Tapering, But Not Tinkering.
In your haste to finish up all of your holiday shopping and get those last minute cards out, you may not have noticed that the Federal Reserve concluded its winter meetings yesterday, and announced some key changes to its stimulus plan as we head into 2014. In a move that was widely anticipated, the Fed announced that it will begin to pare back its ongoing massive purchases of government bonds, treasury Bonds, and mortgage-backed securities in 2014. The USA Today has a great summary of the details of the meetings, and how the Fed plans to proceed later in the year.
As the economy continues to strengthen from the Great Recession of 2008, it has always been expected that the Fed would start to remove the training wheels from its stimulus plan, as key indicators showed that the economic recovery finally had some legs. It was really not a matter of “if”, but rather “when”. With the stock market climbing to new highs virtually every day, and unemployment now below the target of 7%, the Fed used this opportunity to start the process of cautiously extracting itself from its “easy money” policy.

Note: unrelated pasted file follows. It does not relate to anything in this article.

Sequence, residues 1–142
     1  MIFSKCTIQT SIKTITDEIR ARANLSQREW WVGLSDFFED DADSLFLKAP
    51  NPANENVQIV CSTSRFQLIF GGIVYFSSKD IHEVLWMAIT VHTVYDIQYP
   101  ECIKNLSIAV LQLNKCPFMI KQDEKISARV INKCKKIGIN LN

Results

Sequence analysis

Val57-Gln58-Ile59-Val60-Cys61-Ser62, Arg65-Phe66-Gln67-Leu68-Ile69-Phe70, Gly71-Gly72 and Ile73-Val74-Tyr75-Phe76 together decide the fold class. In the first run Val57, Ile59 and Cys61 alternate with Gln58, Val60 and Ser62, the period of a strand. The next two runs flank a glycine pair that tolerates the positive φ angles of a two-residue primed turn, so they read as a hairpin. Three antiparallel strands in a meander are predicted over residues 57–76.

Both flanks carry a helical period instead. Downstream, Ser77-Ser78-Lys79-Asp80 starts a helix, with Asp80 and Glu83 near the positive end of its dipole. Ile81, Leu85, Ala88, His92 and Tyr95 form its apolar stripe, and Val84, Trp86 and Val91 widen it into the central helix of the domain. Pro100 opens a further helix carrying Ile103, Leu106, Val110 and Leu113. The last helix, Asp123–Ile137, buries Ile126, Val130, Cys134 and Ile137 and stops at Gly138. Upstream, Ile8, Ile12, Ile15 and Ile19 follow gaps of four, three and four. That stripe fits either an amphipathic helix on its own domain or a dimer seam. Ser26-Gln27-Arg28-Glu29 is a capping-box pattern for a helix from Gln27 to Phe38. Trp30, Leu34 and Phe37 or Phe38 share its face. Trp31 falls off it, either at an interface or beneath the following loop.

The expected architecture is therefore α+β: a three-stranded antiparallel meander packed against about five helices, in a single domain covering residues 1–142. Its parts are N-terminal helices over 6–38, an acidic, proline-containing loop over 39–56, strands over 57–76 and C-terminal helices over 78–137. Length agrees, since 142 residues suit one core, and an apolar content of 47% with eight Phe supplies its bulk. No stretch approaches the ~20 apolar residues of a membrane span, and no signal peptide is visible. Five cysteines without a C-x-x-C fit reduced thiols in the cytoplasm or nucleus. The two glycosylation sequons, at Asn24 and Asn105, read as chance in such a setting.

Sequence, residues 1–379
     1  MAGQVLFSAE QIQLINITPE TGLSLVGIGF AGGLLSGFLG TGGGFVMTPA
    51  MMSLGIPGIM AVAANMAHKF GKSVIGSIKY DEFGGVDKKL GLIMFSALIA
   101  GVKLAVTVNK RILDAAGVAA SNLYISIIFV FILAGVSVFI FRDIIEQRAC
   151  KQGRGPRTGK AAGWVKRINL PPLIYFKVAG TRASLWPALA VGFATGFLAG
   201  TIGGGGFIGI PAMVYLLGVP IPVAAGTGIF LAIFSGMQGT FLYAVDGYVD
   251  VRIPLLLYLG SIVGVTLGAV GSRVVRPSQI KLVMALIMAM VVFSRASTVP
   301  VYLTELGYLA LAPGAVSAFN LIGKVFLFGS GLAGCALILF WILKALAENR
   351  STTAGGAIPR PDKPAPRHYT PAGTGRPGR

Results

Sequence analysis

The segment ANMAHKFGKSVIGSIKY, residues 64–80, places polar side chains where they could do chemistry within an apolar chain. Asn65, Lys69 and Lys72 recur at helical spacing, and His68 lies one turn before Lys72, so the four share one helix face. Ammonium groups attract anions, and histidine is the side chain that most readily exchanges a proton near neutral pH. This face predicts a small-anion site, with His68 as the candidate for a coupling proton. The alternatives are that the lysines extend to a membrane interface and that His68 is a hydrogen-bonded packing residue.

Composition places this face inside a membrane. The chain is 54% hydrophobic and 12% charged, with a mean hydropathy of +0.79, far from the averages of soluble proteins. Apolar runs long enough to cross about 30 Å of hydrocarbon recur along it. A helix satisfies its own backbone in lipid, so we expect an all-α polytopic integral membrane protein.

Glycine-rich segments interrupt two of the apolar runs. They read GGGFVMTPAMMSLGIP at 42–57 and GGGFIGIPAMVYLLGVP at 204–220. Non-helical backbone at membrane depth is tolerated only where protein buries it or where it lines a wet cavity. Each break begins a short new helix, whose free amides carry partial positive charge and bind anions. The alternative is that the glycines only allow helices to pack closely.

Rates To Remain Low.
The big news for the real estate market, aside from the fact that the Fed will spend $5B fewer each month on mortgage-backed securities, is that they have decided to keep their benchmark short-term interest rates near zero, even though they had previously indicated that they may alter that policy once the nationwide unemployment rate dropped below 7%. As part of yesterday’s announcement, they indicated that they may keep the zero-interest policy in place even after the unemployment rate drops below 6.5%.
This news should bode well for the local real estate market, at least for the first part of 2014. Even though mortgage interest rates have inched upward over the past 12 months, they are still near historic lows — and the Fed’s continued position should remove any incentive (aka, excuse) for banks to increase rates on conforming and high-balance conforming loans stable for the near future.
The cautious approach by the Federal Reserve seems somewhat counter-intuitive when you consider the blistering pace at which the Silicon Valley economy (and housing market) is growing. But our perception of the economic health of the entire country is understandably somewhat distorted from our perch inside one of the hottest micro-economies in the entire world. The rest of the country is simply not growing anywhere near that fast.
So the bottom line is that the local economy will simply continue to reap the benefits from the Fed’s conservative position. And this in turn will keep the fire stoked underneath what is already a white-hot San Carlos real estate market — at least for a while. Because while the decision to keep rates unchanged is good news in the near term, a line has definitely been drawn in the sand by the Fed that this gravy train will not go on forever.
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